Leo and pitching coach Keith Harper decided to make a change in their starting rotation for Crestwood. Carl, the No. 2 starter, could have gone,
However, the coaches elected to go with No. 4 starter Chris Larsen, who had battled a bicep problem for part of the summer and hadn't pitched yet in the World Series.
"We weren't just thinking about that game, we were thinking about how can we win a national title," Leo said. "We felt like if we can piece together and Larsen can give us some innings, we would be in great shape to make a serious run."
Larsen, though, was knocked out in the second inning. Hays committed four early errors and Crestwood scored seven runs in the first two innings.
"I talked to several people (postgame) back here that turned the radio off," Leo said.
Larks' reliever Devyn Rivera, picked up shortly before the NBC, came in and provided 6 2/3 relief innings, allowing just one run. However, Hays still trailed 7-1 after five innings. In the sixth, Hays rallied for three runs.
"Later in the season, we kind of get comfortable with leads," Heck said. "I don't know if the coaches have been, but as the team, you can sense that, we are down a few runs, 'so what, we can get them.' Kind of laid back. We are playing easy. We are not uptight when we get down in games."
With two on and two out and one run in, No. 9 hitter Codi Harshman laced a triple down the right field line. The ball landed inches fair and scored two runs.
"If we can get a couple here- that's the mindset that we had," Leo said. "If we can get a couple here and cut it to four and cut it to three and get that momentum rolling. Once you get that momentum rolling, the other team starts to feel it a little bit and tighten up and that's exactly what happened."
The Larks scored one in the seventh and two more in the eighth. Crestwood, though, took an 8-7 lead into the bottom of the ninth.
"We just knew that we had to string some hits together and just play some better defense and just get our pitching under control," Harshman said. "I think we just knew as a team that we needed to pick it up. No one said anything, we just knew we had to pick it up."
Down 8-7, Isaac Garcia opened the ninth with a single. After a force play, Morriss hit a slow chopper to Crestwood shortstop Brycen Bell. Bell charged the ball, but threw wild to first. Devereaux moved to third and Morriss went to second. Kyle Peterson pinch-ran for Devereaux and Crestwood held a meeting at the mound as Heck came to the plate. Heck talked with Leo and received a scouting report from Morriss on left-hander R.L. Eisenbach.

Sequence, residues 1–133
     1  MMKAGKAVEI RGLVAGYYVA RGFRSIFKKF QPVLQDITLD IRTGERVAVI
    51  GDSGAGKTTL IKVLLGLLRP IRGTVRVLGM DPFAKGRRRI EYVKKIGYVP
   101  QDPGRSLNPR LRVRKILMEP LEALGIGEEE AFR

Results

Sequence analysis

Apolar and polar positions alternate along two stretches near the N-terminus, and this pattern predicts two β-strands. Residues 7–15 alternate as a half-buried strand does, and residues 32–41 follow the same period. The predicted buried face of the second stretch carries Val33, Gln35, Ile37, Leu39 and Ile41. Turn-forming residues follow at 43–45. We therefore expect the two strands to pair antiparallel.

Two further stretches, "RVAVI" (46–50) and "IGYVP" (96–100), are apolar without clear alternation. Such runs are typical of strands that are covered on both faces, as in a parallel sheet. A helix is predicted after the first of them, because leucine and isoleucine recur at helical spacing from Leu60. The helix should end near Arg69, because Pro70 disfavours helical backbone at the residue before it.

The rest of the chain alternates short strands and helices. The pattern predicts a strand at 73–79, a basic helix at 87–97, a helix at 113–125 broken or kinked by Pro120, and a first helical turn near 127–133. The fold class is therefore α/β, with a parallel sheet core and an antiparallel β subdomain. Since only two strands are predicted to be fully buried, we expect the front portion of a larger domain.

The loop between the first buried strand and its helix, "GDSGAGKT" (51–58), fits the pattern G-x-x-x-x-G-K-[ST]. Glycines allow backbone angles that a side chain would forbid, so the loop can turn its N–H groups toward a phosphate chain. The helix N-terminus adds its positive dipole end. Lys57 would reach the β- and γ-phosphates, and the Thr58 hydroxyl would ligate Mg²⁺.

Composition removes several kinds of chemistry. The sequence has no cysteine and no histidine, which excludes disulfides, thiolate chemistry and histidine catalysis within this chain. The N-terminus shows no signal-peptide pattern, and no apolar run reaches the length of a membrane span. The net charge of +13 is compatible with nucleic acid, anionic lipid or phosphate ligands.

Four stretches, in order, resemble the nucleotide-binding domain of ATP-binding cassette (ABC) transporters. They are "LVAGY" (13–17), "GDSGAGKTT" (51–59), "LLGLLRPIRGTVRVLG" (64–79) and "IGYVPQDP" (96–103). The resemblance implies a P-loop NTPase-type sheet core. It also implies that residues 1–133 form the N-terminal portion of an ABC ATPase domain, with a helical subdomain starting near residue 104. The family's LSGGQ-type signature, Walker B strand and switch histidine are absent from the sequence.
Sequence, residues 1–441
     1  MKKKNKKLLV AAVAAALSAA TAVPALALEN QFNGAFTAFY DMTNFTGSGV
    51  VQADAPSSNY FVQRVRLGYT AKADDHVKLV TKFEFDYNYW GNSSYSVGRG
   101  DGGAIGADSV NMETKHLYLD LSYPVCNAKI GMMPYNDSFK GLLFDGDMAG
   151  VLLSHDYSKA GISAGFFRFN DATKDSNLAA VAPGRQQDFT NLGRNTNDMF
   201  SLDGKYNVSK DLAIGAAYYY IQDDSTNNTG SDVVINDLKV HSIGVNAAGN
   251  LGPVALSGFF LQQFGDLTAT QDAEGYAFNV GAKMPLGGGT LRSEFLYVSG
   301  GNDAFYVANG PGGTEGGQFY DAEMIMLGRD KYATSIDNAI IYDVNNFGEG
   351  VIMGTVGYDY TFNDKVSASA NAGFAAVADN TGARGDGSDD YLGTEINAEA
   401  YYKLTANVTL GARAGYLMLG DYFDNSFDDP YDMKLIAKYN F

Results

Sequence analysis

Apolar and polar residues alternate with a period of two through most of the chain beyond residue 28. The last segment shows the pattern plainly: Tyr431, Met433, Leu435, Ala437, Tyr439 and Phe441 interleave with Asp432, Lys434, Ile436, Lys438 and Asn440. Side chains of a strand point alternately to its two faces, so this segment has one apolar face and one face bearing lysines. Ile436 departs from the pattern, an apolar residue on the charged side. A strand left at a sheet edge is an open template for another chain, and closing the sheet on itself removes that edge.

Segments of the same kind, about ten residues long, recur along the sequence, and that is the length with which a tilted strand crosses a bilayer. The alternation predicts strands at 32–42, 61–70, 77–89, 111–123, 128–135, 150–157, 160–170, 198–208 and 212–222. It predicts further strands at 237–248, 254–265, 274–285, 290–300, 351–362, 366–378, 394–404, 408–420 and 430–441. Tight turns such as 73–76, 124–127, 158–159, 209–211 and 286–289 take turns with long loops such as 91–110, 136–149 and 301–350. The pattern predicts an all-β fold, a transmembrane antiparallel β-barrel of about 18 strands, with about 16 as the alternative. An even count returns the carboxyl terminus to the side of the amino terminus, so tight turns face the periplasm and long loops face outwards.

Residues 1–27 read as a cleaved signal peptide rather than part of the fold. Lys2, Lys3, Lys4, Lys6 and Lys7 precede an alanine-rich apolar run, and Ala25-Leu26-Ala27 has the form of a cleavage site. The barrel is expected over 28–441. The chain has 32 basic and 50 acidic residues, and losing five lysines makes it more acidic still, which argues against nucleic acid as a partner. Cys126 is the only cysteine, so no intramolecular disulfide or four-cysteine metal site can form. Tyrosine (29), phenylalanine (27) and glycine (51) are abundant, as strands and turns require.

"When they went out to talk to the pitcher, he says, 'this is a great place to be,'" Leo said. "I said, 'Yes, it is Andrew.'"
Morriss told Heck that Eisenbach had a "pretty sharp breaking ball." Heck considered sitting on the curveball first pitch and driving it up the middle. He let a first pitch curveball go by. On a 2-strike pitch, Heck grounded a single past the pitcher and into center field.
"I saw shortstop and second baseman were back, so I just had to get a ball in play," Heck said. "I knew after I saw the changeup, I figured he wasn't coming back fastball, so I was kind of looking curveball, and it was curveball or slider right there. I just tried to stay on it real well and hit it up the middle. I was happy when I saw it go through there."
Peterson tied the game and Morriss delivered his slide around the catcher for the game-winning run; Crestwood argued the call, but television replays showed he was safe. Morriss jumped into Goulder's arms before the Larks piled on top of him near home plate. The Larks' fan section punctuated the victory with a standing ovation.
"Usually a dogpile in the World Series happens in the championship game, after the last out. We had one in the quarterfinal game because it was such a big win," Leo said. "You are down 7-1, who thinks you are going to come back?"